Thursday, June 03, 2010

Roadtrip Day Five - Torquay to St Austell

A long day today but under unremitting sunshine and blue skies. We were up early to go to a flea market we had been recommended at Torquay Town Hall. It was disappointing frankly and the entrance hall had the unmistakable aroma of piss about it which didn't help my early morning mood much. Still, after that I was able to pop almost next door to the library for some of the research about Edwin Emmanuel Bradford that I've already mentioned. The plan was then to head on to Ashburton which we had read of on the Internet as having more than a handful of antique shops. In fact, this too was disappointing, a significant proportion of the shops were closed or of that type of antique shop where every piece of furniture has been whitewashed and every other item wrapped in gingham - yeuch! We did, however, find The Dartmoor Bookshop, which was an unexpected surprise. Again, a large topographical section and, as you might expect, a large portion of that was about the West Country. Again, [by which I mean, like other bookshops on this roadtrip], the literature section was a little thin but I'm not complaining... Upstairs I did find three hard back science fiction books which will fit very nicely on my shelves at very reasonable prices and in excellent condition.

However, we felt that Ashburton, which was supposed to be the largest part of our day today was a bit disappointing and we left in something of a funk, wanting to scratch the antiques itch. We knew we had to be in St Austell this evening so we headed in that direction. We had vague reports of an antiques centre in Loswithiel so we headed that way. Our ears pricked when we passed a sign declaring Loswithiel to be the antiques centre of Cornwall... we found the nearest car park and started out. There were a couple of lovely places including Deja-Vu Antiques which, but for the fact that it had mention of 'old books' on its outside sign, we probably would have passed. I went in to browse what turned out to be a good selection of books and found a nice first edition Fortune Press book at a very reasonable price. What appeared to be another of those whitewash and gingham shops turned out on closer inspection to be nothing of the sort and had a really nicely selected collection of studio pottery for sale alongside some great artwork and other really desirable things. In another shop in Loswithiel R found a little cup and saucer with a transfer print of the Clifton Suspension Bridge, made by the pottery that he collects - so that was him happy for the day.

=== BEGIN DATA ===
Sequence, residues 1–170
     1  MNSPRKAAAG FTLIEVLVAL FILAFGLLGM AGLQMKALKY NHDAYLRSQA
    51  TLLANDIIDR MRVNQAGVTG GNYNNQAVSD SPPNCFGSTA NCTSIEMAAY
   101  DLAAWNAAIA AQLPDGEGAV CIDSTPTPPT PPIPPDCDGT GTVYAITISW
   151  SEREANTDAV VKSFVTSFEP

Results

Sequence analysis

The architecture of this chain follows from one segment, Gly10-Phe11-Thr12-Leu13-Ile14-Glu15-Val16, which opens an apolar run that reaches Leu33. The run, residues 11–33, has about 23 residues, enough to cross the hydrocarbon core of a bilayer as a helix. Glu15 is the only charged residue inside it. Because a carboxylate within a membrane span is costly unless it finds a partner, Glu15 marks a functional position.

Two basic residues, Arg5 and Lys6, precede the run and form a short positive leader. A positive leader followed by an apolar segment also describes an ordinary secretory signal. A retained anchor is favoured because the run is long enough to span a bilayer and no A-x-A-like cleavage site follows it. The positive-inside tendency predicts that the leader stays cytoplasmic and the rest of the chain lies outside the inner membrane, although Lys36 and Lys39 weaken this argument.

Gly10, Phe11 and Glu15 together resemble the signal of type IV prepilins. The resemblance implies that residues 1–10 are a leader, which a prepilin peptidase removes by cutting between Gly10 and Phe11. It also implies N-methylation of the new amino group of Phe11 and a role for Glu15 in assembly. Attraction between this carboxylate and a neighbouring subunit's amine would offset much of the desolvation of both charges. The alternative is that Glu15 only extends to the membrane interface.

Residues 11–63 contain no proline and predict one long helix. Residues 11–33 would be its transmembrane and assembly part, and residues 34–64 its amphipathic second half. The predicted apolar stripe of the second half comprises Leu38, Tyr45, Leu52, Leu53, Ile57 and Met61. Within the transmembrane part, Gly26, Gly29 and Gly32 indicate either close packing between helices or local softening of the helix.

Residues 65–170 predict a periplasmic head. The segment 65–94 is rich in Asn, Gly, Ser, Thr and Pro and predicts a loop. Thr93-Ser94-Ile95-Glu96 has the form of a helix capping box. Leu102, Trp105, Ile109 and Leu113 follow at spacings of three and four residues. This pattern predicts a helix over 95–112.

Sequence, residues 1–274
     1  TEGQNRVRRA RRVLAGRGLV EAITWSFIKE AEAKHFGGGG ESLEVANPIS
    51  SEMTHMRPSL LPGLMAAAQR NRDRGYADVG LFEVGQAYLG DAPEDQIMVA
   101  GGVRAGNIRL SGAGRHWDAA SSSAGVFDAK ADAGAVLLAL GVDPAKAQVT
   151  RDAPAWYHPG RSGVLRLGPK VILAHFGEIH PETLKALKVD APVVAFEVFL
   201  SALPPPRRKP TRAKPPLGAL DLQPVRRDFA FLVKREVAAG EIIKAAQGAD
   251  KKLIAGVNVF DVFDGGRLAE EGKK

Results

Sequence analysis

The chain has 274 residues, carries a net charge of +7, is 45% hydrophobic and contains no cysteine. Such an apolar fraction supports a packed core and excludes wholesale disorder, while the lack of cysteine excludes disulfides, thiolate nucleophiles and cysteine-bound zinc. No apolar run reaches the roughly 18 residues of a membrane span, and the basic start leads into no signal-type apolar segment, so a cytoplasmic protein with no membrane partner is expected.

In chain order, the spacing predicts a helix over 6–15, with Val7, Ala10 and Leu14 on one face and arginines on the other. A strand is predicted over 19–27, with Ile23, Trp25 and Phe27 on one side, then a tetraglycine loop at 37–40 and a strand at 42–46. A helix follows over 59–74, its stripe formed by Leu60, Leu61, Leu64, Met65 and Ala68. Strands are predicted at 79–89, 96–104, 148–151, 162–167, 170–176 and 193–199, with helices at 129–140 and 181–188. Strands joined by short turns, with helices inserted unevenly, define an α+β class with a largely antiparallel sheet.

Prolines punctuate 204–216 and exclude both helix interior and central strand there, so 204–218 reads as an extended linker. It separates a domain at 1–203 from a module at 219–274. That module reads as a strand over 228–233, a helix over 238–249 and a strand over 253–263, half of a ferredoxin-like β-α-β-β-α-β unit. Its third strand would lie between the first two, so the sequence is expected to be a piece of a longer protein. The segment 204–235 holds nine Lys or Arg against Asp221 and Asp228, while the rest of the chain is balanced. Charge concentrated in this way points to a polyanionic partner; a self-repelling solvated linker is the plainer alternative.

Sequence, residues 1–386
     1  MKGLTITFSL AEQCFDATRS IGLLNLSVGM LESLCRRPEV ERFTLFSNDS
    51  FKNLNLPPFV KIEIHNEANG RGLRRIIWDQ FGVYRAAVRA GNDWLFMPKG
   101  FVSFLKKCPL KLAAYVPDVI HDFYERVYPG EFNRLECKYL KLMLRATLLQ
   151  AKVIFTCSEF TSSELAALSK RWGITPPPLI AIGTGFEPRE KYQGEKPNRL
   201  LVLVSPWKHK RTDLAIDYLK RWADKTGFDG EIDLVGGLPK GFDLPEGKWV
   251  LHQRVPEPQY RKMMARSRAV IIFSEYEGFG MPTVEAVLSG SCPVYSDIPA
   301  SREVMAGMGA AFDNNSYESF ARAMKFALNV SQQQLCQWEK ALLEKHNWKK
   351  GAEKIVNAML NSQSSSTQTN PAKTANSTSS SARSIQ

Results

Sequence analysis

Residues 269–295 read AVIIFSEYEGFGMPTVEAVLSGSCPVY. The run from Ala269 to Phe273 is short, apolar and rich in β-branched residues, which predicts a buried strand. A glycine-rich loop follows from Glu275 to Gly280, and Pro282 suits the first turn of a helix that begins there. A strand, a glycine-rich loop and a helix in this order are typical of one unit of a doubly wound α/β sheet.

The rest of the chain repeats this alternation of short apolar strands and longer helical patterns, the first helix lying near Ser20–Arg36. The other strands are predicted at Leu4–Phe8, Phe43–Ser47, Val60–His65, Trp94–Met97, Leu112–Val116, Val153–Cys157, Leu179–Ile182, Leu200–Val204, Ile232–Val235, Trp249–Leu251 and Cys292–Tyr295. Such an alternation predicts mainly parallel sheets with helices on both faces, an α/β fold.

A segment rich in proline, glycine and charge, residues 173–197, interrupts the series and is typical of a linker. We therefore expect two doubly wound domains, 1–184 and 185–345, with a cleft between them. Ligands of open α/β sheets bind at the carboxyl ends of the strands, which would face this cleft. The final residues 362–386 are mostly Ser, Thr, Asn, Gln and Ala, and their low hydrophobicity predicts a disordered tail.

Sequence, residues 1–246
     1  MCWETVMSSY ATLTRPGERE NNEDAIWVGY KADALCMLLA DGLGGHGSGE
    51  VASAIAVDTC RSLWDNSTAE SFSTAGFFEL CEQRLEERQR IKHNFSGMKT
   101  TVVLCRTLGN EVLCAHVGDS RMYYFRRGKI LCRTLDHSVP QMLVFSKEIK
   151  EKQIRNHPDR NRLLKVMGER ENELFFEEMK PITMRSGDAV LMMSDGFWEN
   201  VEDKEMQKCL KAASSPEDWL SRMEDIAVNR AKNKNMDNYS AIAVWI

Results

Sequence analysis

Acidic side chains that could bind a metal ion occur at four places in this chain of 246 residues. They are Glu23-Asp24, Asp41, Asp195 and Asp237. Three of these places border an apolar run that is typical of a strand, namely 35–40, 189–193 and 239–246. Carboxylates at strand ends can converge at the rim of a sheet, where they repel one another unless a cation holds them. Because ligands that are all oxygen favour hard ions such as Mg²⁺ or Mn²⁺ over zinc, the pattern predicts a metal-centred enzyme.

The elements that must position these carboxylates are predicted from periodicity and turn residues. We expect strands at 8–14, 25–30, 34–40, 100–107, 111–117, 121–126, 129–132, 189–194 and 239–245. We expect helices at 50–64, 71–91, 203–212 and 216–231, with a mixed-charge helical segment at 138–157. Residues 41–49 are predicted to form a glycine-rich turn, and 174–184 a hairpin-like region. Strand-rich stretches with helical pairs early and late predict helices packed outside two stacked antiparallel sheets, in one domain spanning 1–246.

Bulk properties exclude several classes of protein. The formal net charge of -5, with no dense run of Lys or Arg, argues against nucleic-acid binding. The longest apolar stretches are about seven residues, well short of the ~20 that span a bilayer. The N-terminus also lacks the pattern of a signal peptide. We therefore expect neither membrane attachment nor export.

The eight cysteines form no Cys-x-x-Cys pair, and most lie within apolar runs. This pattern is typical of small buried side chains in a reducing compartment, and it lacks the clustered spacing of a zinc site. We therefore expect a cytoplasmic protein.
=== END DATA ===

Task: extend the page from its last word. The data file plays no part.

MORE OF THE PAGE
Next stop: Fowey. This little Cornish fishing village is the epitome of Cownwall really, looking out over the widening river estuary it was, today especially in the glorious sunshine, quite beautiful. Again there was a bookshop and again the overwhelming content of the stock was local topography although, in this instance, because Fowey has such strong literary connections there was a heavy specialism in local authors, of whom the most famous would have to be Daphne DuMaurier, although Sir Arthur Quiller-Couch or 'Q' was another rather more unexpected local heavily represented. Again, the general stock was a little thin on the ground and the place so small that it was difficult at times even just to turn around between shelving units but overall a sweet little bookshop.

We had promised ourselves a cream tea and we chose perhaps the most amazing little coffee shop, Pink Murphy's Cafe, a trip to their website to look at the pictures will give you a better idea of what the place is like than I can properly articulate but certainly I'd recommend a visit if you are in the area. The decor is quirky, the crockery is an ad hoc collection of vintage teapots, plates and cups, the tables are named after singers rather than numbered... these things were all added to by signs around the place declaring that at Murphy's they didn't know the meaning of Grumpy... the whole effect was also set off very nicely by the fact we were served by one of the most quirky-looking and yet most beautiful young man I've seen in a long time [sigh...!]

From Fowey it was a short hop to St Austell which is where I am now and where I have photographed these books, all bought today...


J said...

No picture of the "quirky looking yet most beautiful young man"?

MikeP said...

Did these come from the Oxfam shop? Because if there's another decent bookshop in St Austell I'd be very happy to know where it is!

Callum said...

Hi J, no, I'm sorry, you are not the only one to have expressed an interest in him. I'm afraid you'll just have to make the trip, there was no opportunity in the chat about our Cream Tea to ask if he'd mind being photographed for my blog! Maybe next time eh?

Mike P. No, thanks for asking but, as you obviously know, St Austell was something of a buying desert. The books pictured came from earlier in the day at The Dartmoor Bookshop

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